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Relative Influence of Sassafras, Black Locust, and Pines Upon Old-Field Soils

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Restoration of forests on 75 to 80 percent of the area of abandoned fields in the central hardwood region usually cannot he done directly with desirable hardwoods because of soil deterioration from cultivation and erosion. A preliminary crop is necessary that can endure site dryness, lay down a litter cover, and thereby make possible the restoration of surface soil structure and water-absorbing capacity. Sassafras, black locust, and pines, three species commonly performing pioneer functions, have been studied as soil conditioners. The functions performed by each in soil rehabilitation and their respective roles in reforestation are discussed.

Document Type: Journal Article

Affiliations: Silviculturist, Central States Forest Experiment Station, Columbus, Ohio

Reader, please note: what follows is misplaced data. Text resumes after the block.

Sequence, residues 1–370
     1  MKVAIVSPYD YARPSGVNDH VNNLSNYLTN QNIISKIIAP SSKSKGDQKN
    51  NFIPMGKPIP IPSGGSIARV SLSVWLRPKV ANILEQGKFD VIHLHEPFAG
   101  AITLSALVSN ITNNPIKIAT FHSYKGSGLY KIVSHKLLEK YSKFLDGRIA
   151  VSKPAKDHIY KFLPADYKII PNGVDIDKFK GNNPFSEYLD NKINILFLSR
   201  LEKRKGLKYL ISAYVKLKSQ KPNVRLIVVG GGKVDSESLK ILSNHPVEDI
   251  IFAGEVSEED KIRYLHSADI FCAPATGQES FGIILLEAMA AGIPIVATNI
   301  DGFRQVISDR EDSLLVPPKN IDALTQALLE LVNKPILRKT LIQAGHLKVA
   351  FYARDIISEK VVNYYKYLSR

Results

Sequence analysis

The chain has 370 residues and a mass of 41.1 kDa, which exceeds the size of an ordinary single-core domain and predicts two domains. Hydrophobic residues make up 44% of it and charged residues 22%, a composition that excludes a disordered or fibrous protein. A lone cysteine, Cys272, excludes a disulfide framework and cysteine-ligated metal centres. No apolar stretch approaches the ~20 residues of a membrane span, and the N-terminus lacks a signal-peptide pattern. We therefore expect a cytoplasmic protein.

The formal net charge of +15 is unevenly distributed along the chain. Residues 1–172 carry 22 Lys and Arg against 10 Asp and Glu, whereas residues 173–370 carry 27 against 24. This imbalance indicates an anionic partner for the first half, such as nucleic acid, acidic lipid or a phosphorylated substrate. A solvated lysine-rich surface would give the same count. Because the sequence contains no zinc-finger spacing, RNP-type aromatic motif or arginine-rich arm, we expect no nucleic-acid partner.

Publication date: June 1, 1945

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  • The Journal of Forestry is the most widely circulated scholarly forestry journal in the world. In print since 1902, the Journal has received several national awards for excellence. The mission of the Journal of Forestry is to advance the profession of forestry by keeping forest management professionals informed about significant developments and ideas in the many facets of forestry: economics, education and communication, entomology and pathology, fire, forest ecology, geospatial technologies, history, international forestry, measurements, policy, recreation, silviculture, social sciences, soils and hydrology, urban and community forestry, utilization and engineering, and wildlife management. The Journal is published bimonthly: January, March, May, July, September, and November.

    2015 Impact Factor: 1.476
    Ranking: 22 of 66 in forestry

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